Health News of 2013-12-05

West Africa harbours a new strain of HIV - Research

Researchers at Sweden’s Lund University have discovered a new strain of HIV virus called A3/02, which is a fusion of two most common HIV strains in Guinea-Bissau.

The strain causes significantly faster progression to AIDS in roughly 5 years than most other strains of HIV that take closer to eight years to progress to AIDS.

Angelica Palm, one of the scientists responsible for the study published in the Journal of Infectious Diseases said individuals who are infected with the new strain develop AIDS within five years, and that's about two to two-and-a-half years faster than one of the parent strains.

She said the recombinant virus strain originate when a person is infected by two different strains, whose DNA fuse to create a new form.

Angelica Palm said there have been some studies that indicate that whenever there is a so-called recombinant, it seems to be more competent or aggressive than the parental strains.

"The good news is that as far as we know the medicines that are available today are equally functional on all different subtypes of variants," she added.

According to researchers, the speed with which A3/02 leads to people falling ill from AIDS does not impact on the effectiveness of medication on infected individuals.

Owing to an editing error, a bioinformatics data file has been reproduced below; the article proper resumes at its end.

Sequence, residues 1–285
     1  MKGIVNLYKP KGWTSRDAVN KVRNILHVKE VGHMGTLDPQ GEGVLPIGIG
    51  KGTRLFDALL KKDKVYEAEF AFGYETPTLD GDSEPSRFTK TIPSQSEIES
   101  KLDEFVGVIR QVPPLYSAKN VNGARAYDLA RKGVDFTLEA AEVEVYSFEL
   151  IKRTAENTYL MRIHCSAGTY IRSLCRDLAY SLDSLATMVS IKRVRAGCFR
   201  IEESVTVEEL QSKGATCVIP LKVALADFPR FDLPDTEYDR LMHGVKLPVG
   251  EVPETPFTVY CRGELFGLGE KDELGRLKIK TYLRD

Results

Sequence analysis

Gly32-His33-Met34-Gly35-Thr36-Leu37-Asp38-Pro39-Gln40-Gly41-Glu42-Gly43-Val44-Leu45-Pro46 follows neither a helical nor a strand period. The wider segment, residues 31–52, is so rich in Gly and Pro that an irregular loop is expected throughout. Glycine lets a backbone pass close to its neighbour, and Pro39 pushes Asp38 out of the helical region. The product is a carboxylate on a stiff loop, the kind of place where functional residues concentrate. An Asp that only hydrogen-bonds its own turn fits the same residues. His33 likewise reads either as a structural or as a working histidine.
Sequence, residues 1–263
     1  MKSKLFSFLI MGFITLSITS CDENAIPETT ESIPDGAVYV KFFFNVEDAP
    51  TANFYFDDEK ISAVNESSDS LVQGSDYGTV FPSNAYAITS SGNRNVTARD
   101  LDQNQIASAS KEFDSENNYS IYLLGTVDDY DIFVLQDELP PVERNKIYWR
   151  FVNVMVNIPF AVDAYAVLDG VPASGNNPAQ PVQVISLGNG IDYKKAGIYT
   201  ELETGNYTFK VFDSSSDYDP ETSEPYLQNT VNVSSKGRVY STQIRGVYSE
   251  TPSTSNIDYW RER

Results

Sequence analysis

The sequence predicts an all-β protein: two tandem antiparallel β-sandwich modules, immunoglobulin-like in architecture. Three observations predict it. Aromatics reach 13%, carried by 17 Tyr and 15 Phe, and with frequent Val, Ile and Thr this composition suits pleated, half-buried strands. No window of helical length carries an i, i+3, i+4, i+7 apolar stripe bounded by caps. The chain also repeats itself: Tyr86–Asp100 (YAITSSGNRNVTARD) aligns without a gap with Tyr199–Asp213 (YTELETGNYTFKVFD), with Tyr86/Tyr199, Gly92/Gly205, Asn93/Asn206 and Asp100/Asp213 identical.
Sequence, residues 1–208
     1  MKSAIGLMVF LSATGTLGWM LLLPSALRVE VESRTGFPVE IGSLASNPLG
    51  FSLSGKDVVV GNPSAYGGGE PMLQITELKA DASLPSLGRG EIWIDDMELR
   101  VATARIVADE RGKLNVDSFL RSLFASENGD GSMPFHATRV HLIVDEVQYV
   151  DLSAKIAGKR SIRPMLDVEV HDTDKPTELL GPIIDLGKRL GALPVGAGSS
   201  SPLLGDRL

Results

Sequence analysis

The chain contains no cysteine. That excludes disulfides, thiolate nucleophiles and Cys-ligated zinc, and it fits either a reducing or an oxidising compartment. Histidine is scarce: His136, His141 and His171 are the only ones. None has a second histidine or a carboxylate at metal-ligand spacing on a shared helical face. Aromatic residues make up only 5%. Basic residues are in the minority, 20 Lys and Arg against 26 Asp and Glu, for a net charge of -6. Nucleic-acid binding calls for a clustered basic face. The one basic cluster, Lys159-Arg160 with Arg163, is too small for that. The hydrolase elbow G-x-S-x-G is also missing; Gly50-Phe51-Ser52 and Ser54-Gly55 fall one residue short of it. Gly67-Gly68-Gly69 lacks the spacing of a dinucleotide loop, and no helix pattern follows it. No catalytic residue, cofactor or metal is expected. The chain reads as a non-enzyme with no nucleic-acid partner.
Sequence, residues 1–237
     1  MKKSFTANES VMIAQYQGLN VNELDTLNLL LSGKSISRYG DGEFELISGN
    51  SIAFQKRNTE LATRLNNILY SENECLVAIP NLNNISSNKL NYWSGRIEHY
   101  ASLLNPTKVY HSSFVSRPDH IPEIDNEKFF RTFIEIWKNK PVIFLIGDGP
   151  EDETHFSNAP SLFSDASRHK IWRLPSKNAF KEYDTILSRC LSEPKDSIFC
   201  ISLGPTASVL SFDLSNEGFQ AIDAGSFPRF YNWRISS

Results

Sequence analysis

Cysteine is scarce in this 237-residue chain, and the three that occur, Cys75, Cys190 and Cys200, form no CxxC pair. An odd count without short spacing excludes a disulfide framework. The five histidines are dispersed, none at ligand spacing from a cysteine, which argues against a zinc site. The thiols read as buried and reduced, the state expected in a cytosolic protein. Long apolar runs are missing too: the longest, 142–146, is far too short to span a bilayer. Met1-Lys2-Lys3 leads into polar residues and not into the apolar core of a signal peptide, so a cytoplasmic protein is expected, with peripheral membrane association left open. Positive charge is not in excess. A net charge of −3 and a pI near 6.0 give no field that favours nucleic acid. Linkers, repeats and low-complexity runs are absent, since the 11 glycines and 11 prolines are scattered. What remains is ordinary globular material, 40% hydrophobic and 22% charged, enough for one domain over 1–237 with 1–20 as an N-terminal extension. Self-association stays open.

Patrik Medstrand, Professor of Clinical Virology at Lund University said it is highly likely that there are a large number of circulating strains of which we know little or nothing about.

The study warns that such recombinants may be spreading fast, especially in regions with high levels of immigration.

The strain was first discovered by the Swedish team in Guinea-Bissau in 2011 during a long-term follow-up of HIV-positive people in the country.

According to UNAIDS, an estimated 240,000 people in Ghana live with HIV which destroys the immune system. An estimated 12000 people have died due to AIDS which has a prevalence rate of 1.4% in the country.

Existing treatments help infected people live longer, healthier lives by delaying and subduing symptoms, but do not cure AIDS.